Some more chants and outlines of the Old Testament. The books of Judges and 1-2 Samuel narrate the transition from the Mosaic to the Davidic covenants, from the age of priests to the age of kings, from the age of the ox to the age of the lion. As so often in the Bible:
God tears down the world so He can build another.
Bad as the time of Judges was, it was not the end of the age of the ox. At the end of Judges, the tabernacle stll stands at Shiloh. The early chapters of 1 Samuel describe the end of the priestly age.
1-2 Samuel has a whole can be outlined simply with the three major characters of the book:
Samuel, Saul, and David
The age of the ox comes to an end because of the sins of the priests:
Hophni and Phinehas sleep with the women and steal from God; and Eli does not stop them
With the tabernacle in disarray, Israel demands a king from God, and they get Saul. He begins well, but he sins and his three sins correspond to the three areas of the original creation: garden, land and world.
Saul sins in the garden, Saul sins in the land, Saul sins in the world
What are Saul’s three sins? He sins against God and Samuel by not waiting to offering sacrifice, against his “brother” Jonathan when he tries to kill him, and in his relation to the Gentiles when he refuses to kill the Amalekite king Agag.
He doesn’t wait to sacrifice, he tries to kill Jonathan, he doesn’t kill Agag
David, on the other hand, reverses these sins of Saul. He trusts his Father to fight Goliath; he doesn’t try to kill Saul, even though Saul is trying to kill him; and just before he ascends to the throne, he beats the Amalekites that Saul failed to defeat fully. David shows faithfulness to God, to his “brother” Saul, and in his relation to the Gentiles. He rises to the throne because he is faithful in the garden, in the land, and in the world.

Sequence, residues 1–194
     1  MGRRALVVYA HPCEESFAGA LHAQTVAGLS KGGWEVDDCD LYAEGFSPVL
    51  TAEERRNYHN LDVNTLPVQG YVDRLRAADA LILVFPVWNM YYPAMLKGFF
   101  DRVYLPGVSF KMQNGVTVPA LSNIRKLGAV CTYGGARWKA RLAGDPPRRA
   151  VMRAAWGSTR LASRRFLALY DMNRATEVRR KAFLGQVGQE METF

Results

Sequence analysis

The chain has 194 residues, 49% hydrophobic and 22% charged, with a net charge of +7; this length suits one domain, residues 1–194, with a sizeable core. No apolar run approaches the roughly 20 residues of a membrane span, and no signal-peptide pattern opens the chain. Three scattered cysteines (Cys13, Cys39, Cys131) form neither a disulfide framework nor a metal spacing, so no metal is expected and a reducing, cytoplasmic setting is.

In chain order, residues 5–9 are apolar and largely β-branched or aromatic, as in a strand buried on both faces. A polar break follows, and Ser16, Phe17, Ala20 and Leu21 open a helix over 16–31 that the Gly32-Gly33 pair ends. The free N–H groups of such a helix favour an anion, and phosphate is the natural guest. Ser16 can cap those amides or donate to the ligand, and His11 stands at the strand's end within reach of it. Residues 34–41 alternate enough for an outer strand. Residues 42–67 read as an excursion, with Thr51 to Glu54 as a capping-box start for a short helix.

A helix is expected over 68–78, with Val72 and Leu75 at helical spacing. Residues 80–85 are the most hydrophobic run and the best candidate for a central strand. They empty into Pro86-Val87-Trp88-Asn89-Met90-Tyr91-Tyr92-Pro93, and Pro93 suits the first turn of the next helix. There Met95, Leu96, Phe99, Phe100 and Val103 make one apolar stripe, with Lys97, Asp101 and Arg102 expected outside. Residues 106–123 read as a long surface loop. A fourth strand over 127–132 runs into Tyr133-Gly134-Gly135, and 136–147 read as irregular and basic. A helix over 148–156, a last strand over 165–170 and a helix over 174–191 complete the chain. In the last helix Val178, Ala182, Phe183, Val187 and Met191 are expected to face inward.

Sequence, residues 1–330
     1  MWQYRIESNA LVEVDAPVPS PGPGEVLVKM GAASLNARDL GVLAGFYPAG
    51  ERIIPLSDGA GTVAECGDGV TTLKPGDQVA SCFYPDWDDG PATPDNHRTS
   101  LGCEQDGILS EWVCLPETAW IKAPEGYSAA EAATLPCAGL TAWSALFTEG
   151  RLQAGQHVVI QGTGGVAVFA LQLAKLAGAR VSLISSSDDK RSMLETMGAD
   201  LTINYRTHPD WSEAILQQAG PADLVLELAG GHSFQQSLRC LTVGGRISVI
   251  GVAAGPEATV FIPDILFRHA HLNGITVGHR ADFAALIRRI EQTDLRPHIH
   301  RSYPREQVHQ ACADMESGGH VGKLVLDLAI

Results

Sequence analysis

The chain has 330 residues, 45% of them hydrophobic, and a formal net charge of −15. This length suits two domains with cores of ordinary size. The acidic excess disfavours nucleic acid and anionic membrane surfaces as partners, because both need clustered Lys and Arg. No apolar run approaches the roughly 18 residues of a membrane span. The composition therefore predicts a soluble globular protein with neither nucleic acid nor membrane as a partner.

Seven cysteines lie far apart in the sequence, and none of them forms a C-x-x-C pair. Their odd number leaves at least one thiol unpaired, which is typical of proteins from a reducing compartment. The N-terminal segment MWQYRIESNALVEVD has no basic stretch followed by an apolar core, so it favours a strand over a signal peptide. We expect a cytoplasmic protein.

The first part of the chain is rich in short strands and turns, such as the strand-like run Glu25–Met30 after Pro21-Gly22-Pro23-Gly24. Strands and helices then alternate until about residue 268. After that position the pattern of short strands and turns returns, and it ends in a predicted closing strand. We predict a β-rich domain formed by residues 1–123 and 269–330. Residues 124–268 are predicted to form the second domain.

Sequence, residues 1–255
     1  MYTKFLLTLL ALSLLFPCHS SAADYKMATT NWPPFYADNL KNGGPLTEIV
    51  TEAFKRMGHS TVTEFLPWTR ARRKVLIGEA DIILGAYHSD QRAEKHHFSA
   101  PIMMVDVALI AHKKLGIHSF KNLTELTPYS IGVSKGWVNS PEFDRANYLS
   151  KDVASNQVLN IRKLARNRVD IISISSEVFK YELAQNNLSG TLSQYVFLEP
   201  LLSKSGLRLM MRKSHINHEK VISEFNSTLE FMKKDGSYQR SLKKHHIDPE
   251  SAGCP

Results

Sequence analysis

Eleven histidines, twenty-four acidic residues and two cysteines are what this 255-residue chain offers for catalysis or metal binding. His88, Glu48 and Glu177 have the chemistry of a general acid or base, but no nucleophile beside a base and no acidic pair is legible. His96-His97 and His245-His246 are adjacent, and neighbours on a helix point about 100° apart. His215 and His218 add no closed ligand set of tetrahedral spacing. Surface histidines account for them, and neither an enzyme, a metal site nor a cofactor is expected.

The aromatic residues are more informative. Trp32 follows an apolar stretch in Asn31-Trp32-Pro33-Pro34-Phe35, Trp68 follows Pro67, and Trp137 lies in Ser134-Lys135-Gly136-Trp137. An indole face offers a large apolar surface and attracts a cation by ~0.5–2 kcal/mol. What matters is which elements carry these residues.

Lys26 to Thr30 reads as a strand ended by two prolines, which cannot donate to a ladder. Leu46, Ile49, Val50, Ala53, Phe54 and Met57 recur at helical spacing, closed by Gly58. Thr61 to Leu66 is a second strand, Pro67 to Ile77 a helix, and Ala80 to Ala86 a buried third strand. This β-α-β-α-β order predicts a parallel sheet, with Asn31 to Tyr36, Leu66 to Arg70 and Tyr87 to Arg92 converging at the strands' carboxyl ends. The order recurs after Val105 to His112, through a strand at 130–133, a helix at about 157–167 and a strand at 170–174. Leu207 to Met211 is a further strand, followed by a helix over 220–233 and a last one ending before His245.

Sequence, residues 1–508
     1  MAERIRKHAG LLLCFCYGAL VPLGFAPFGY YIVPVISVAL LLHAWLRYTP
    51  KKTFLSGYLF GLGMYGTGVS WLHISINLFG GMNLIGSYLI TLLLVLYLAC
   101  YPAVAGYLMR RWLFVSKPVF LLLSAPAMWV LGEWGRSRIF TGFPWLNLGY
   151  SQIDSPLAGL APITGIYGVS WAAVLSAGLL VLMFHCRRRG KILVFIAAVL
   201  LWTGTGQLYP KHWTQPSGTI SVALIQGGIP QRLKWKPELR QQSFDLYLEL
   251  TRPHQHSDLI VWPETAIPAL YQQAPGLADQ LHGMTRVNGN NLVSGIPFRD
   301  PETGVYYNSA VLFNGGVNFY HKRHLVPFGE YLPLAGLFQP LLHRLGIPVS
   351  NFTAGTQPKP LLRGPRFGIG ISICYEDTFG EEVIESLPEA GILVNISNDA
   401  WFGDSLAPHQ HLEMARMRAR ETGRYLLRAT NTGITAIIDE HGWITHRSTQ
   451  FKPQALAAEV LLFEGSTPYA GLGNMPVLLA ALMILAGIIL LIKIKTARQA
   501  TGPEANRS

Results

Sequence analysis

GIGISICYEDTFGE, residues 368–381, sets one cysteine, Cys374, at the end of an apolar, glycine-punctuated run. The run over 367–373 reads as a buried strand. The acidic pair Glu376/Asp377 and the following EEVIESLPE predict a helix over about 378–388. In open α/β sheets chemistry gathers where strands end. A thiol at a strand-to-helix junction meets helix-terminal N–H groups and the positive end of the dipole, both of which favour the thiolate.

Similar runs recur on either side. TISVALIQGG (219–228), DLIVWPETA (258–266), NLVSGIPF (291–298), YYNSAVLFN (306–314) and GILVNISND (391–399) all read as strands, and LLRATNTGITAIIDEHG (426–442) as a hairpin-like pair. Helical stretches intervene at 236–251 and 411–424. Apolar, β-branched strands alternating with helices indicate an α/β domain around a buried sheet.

David trusts in Yahweh; David saves king Saul; David beats Amalekites
I haven’t figured out a decent chant for the reign of David yet.
1-2 Kings is organized into two halves. The first half describes the establishment of three principal dynasties/kingdoms, the continuation of the Davidic dynasty with Solomon, the establishment of the northern kingdom by Jeroboam, and the northern dynasty of Omri (that includes Ahab):
Solomon, Jeroboam, Omri
Solomon builds the temple. This is the kingly/lion reestablishment of the house of God. It’s like the tabernacle, but is bigger and permanent. Besides, it has several new pieces of furniture:
Water chariots, great bronze sea, two huge cherubim
Solomon violates all the laws of kingship. In Deuteronomy 17, Yahweh instructed Israel’s kings not to multiply horses and chariots, gold and silver, or wives. With my own children, I’ve tried to come up with a variation of this list for every letter of the alphabet. Here is a sampling:
Bombs, baubles, bimbos
Guns, gold, girls
Weapons, wealth, women
The founder or some prominent member of each of the dynasties/kingdoms sins and causes the eventual downfall of the kingdom. Each successive dynasty is worse than the previous one.
Solomon’s heart turns to idols; Jeroboam makes golden calves; Ahab worships Baal
In the second half of kings, these three dynasties/kingdoms fall in reverse order: The Omride dynasty, Jeroboam’s northern kingdom, Solomon’s kingdom of Judah. Each time a dynasty falls, a temple is destroyed and the Davidic kingdom is threatened. But each time Yahweh rescues the Davidic king and the Davidic dynasty from final destruction. We can summarize this with:
Joash is hidden in the temple at the end of Omri’s kingdom
Hezekiah is saved from Assyria after the fall of the northern kingdom
Jehoiachin is enthroned in Babylon
posted by Peter J. Leithart on Tuesday, June 19, 2012 at 10:42 am
Permission is given to use material on this site, provided the source is cited, blog entries are republished in full, and the author is notified in advance.